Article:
Can It Get Worse?

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Yes.  Absolutely.  The stock market could go much lower as fear becomes the overriding emotion controlling investors' decisions.  There are basically two drivers for the stock market: fear and greed.  Greed is gone.  No one thinks greedy.  There's no reason for it.  Everywhere investors look, they see reasons to sell, not buy, stocks.  When fear comes in the room, reason goes out the window.

How bad can it get?  Well, taking it to the absurd level, the Dow Jones Industrial Average could go to zero.  Before it does that, there will be riots in the streets, buildings will burn, politicians will be gone.  So taking it all the way to its natural conclusion doesn't make any sense.  No one can put a number on it, as reflected in the DJIA.  But it could go lower, much lower, than 10,000.  How?

By investors giving up all hope.  Not seeing any reason to buy anything.  After all, only gold went higher in the last several years.  Traditional havens like real estate, conservative stocks, even CD's at the bank, all became torture chambers as they went down, some slowly, others extremely fast.  Is it any wonder investors now look out from under their bomb sheltered perspectives and don't feel like there's a reason for hope?

And they're being perfectly logical.  The housing market looks to be even worse than thought a year ago.  More new problems like ill-performed foreclosures and bad mortgage documentation and lawsuits from loans made years ago continue to plague lenders and buyers of lenders (think Countrywide by Bank of America).  Houses aren't selling quickly enough to eliminate the "shadow" inventory, houses that are held by banks through foreclosures, that continues to hold down prices.  Borrowers can't qualify under new, tough lending rules. 

Jobs seem to be evaporating rather than created.  While some industries, such as auto, are doing very well, based on September numbers, if more people don't get back to work soon, there won't be customers for all the new cars being built.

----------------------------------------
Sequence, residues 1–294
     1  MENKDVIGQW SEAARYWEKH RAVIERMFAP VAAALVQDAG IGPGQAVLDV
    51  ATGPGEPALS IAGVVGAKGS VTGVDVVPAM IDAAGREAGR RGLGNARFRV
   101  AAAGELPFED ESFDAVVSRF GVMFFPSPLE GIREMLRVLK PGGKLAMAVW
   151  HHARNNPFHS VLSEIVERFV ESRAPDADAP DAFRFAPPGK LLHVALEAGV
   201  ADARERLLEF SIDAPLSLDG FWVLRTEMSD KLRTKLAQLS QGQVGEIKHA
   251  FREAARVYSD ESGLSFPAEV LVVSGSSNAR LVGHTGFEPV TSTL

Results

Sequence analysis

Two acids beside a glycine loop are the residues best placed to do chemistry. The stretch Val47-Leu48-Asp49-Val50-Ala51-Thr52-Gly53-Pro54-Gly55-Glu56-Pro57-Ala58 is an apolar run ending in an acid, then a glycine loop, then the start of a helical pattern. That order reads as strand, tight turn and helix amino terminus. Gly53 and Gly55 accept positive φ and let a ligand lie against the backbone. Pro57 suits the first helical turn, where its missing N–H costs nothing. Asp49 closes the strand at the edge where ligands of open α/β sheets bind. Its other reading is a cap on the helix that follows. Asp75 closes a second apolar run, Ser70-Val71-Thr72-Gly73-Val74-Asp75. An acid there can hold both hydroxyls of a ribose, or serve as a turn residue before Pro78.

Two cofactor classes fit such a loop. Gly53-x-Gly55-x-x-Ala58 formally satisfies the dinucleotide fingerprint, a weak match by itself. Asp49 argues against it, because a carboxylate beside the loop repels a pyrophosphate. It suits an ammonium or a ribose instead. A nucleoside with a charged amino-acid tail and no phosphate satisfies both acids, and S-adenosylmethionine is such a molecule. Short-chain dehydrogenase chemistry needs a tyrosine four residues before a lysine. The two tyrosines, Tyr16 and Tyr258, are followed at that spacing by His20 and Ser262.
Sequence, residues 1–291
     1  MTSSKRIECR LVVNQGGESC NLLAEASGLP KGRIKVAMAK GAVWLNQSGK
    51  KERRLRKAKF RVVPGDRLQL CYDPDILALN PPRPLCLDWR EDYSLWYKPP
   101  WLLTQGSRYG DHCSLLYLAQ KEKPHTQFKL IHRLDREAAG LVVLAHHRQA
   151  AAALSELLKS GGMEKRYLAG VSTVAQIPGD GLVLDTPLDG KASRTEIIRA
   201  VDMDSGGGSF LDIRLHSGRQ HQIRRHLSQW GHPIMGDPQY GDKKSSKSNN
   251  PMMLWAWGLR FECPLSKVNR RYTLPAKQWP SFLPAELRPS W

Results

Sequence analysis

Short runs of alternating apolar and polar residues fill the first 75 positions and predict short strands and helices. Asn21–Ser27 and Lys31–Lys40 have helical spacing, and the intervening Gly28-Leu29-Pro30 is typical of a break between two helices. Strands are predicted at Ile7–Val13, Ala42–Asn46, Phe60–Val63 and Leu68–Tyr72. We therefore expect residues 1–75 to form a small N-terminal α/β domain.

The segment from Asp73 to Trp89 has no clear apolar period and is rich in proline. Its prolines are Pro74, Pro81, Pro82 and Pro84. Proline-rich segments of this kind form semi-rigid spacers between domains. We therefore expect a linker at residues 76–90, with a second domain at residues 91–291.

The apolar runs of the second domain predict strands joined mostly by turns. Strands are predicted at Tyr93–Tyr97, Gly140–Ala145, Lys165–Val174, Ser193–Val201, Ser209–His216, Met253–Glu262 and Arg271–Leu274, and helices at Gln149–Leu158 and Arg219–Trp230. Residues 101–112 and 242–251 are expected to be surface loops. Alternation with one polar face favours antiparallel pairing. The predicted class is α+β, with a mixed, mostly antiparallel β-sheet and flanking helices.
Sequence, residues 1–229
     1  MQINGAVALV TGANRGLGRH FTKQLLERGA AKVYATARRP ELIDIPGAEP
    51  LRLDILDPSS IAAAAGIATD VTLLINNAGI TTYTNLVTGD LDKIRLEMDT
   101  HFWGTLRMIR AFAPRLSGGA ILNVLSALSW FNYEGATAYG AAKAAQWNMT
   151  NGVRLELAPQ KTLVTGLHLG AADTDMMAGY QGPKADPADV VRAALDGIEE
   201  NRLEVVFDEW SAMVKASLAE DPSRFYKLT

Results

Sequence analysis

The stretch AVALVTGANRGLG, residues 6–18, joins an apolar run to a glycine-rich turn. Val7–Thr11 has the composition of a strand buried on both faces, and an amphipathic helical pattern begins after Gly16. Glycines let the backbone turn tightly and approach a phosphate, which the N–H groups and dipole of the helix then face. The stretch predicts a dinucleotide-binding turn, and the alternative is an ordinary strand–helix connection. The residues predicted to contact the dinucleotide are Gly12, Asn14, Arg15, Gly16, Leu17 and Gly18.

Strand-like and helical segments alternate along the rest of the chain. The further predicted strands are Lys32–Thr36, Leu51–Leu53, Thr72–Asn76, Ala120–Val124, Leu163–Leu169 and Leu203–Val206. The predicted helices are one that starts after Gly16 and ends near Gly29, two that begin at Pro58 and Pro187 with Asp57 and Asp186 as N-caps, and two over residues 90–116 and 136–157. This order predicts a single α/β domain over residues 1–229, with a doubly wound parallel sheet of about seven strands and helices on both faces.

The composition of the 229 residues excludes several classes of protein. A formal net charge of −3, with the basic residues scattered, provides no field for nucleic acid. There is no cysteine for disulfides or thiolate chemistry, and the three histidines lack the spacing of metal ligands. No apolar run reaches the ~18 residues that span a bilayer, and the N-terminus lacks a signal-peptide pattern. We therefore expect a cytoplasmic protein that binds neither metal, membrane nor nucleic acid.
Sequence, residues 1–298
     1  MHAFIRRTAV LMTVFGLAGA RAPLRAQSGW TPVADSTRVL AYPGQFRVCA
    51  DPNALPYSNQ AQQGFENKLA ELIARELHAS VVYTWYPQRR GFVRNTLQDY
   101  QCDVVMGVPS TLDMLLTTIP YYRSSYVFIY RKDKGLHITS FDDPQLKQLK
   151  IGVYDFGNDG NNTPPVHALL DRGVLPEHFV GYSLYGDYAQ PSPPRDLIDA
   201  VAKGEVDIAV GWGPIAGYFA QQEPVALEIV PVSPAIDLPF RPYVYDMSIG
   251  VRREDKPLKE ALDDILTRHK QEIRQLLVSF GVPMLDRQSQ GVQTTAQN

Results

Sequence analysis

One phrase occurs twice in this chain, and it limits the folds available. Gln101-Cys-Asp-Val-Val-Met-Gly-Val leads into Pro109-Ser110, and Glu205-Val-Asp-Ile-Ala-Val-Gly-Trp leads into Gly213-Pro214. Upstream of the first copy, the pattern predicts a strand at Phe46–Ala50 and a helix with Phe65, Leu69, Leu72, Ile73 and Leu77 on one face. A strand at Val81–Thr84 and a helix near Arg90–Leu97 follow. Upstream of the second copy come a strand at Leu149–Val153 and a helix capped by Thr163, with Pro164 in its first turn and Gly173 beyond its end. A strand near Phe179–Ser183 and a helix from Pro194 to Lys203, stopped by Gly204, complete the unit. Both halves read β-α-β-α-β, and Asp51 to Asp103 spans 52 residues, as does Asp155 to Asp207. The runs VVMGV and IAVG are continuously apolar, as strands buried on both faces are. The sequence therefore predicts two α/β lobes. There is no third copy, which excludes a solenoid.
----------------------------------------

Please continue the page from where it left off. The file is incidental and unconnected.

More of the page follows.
Interest rates are low, but borrowing is tougher.  Whether it's for a business or a home or a personal loan, banks have had their hands (and arms and legs and head) slapped enough to know that any more bad loans won't fly with regulators.  So they're sitting on lots of cash, willing to lend, but only to borrowers who don't really need the money.

Earnings have been decent in some industries, thanks to cost cutting, and some strong end demand.  But that's industry specific, not generally.  Technology continues to see upgrades from companies looking to be more efficient, using machines for people whenever possible.  As mentioned, autos are rolling off assembly lines, and car manufacturers should show another positive growth quarter.  Medical devices are still needed, as is most health care.  But beyond these, it's hard to find growth in the current economy.  Earnings will be important but investors have a hard time believing they'll keep improving if unemployment stays high.

And the other overhanging cloud: Europe, in particular Greece, then Italy, Spain, Portugal.  Only Germany seems to be strong.  If Greece defaults and sends banks that own its debt into bankruptcy, expect the dominos to fall worldwide.  Solving the Greek problem is only a small step investors need to see in order to feel bullish again.  It's not enough to make up for all the other concerns.

So is there any hope?  There's always hope, but the market doesn't reward hope.  It wants facts.  Investors need to see lower unemployment, higher home sales, more retailers reporting better numbers (consumers make up about 2/3 of the U.S. GDP...the more they spend, the faster this economy gets back on track).  In the meantime, what to do with any money available to invest?

Nibble the bullet, don't bite it.  Buy small amounts of stocks.  Gold has had its run.  Don't venture into that particular mine.  Research REIT's (real estate investment trusts) and mutual funds or ETFs (exchange traded funds) that specialize in them.  Buy market leaders, like IBM (IBM), Apple (AAPL), Wells Fargo (WFC) and Google (GOOG).  Discover companies that have increased revenues and profits in this tough economy (like Fastenal (FAST)).  For more ideas, look at the Aggressive and Conservative columns on The Online Investor (www.theonlineinvestor.com).  Buy stocks with good dividends (AT&T (T) gives better than 6% now). Get paid to be depressed and patient as the market gyrates.  Dividends will help salve some wounds.

Just don't expect any great rallies.  They aren't coming, at least not sustained ones.  Each of the negative elements is too entrenched to be solved quickly.  And each will have to be rectified for investors to believe once again that greed is ok, not necessarily good, but at least ok.  Right now there is no greed to be found, and that's not a good thing, if you're an investor patiently waiting for this market to get better, afraid it will only get worse.

- Ted Allrich
October 4, 2011




The views and opinions expressed herein are the views and opinions of the author and do not necessarily reflect those of The NASDAQ OMX Group, Inc.



This article appears in: Investing , Investing Ideas , Economy , Stocks

Referenced Stocks: AAPL , FAST , GOOG , IBM , T , WFC

Ted Allrich

Ted Allrich

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